Motivated by concerns about making online decisions that incur undue amount of risk at each time step, in this paper, we formulate the probably anytime-safe stochastic combinatorial semi-bandits problem. In this problem, the agent is given the option to select a subset of size at most K from a set of L ground items. Each item is associated with a certain mean reward as well as a variance that represents its risk. To mitigate the risk that the agent incurs, we require that with probability at least 1−δ, over the entire horizon of time T, each of the choices that the agent makes should contain items whose sum of variances does not exceed a certain variance budget. We call this probably anytime-safe constraint. Under this constraint, we design and analyze an algorithm PASCombUCB that minimizes the regret over the horizon of time T. By developing accompanying information-theoretic lower bounds, we show under both the problem-dependent and problem-independent paradigms, PASCombUCB is almost asymptotically optimal. Our problem setup, the proposed PASCombUCB}algorithm, and novel analyses are applicable to domains such as recommendation systems and transportation in which an agent is allowed to choose multiple items at a single time step and wishes to control the risk over the whole time horizon.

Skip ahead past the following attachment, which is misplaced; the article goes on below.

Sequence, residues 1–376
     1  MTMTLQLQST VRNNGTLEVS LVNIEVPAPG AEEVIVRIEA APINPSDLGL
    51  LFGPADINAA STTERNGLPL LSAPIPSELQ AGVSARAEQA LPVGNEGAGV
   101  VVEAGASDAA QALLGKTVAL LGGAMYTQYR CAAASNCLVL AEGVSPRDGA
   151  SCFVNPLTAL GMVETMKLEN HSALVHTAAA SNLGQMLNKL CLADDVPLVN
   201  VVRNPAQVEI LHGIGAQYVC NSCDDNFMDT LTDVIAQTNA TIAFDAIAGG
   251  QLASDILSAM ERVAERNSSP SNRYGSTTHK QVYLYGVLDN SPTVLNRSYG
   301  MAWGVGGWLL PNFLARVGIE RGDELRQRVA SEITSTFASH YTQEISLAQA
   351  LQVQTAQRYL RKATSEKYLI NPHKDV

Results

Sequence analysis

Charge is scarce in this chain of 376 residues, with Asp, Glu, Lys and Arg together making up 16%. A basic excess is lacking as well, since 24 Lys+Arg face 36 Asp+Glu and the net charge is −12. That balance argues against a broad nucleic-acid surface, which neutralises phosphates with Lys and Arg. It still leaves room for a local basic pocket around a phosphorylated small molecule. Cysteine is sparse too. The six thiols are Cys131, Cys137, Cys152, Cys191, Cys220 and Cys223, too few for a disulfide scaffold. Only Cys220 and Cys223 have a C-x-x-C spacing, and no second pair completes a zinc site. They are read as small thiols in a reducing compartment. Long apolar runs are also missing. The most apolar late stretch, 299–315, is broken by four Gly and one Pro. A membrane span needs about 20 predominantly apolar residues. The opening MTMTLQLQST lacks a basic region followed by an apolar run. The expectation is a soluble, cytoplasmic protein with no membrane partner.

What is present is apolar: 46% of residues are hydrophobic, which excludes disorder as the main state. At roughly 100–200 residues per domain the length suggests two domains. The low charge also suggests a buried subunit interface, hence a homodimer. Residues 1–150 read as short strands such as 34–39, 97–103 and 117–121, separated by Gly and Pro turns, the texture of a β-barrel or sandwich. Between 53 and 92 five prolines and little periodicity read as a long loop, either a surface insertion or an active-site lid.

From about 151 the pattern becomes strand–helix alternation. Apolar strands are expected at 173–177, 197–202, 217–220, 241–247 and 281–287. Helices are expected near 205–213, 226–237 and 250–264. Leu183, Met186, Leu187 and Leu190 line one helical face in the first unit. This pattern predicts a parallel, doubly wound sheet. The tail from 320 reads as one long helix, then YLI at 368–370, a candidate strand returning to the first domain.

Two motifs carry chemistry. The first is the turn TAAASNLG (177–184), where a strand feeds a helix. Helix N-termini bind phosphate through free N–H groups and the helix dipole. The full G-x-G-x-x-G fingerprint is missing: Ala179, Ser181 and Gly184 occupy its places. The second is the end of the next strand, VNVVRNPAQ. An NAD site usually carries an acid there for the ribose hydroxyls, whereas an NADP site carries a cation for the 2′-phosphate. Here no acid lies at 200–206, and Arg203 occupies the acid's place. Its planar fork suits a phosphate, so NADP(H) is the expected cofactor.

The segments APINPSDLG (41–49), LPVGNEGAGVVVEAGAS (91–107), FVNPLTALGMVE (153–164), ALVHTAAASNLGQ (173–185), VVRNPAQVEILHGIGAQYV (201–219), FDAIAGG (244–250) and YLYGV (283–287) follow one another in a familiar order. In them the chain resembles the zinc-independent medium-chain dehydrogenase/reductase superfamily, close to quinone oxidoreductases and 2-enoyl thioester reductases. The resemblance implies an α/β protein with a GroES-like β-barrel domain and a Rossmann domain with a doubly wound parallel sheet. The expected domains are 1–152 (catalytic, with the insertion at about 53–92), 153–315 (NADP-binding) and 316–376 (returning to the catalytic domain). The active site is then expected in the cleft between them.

Prof. Vincent Y. F. Tan, National University of Singapore
Vincent Y. F. Tan received the B.A. and M.Eng. degrees in electrical and information science from Cambridge University in 2005 and the Ph.D. degree in electrical engineering and computer science (EECS) from the Massachusetts Institute of Technology (MIT) in 2011.,He is currently a Dean’s Chair Associate Professor with the Department of Mathematics and the Department of Electrical and Computer Engineering, National University of Singapore (NUS). His research interests include information theory, machine learning, and statistical signal processing. He is a member of the IEEE Information Theory Society Board of Governors. He was an IEEE Information Theory Society Distinguished Lecturer from 2018 to 2019. He received the MIT EECS Jin-Au Kong Outstanding Doctoral Thesis Prize in 2011, the NUS Young Investigator Award in 2014, the Singapore National Research Foundation (NRF) Fellowship (Class of 2018), and the NUS Young Researcher Award in 2019. He is currently serving as a Senior Area Editor for the IEEE Transactions on Signal Processing and an Associate Editor for the IEEE Transactions on Information Theory.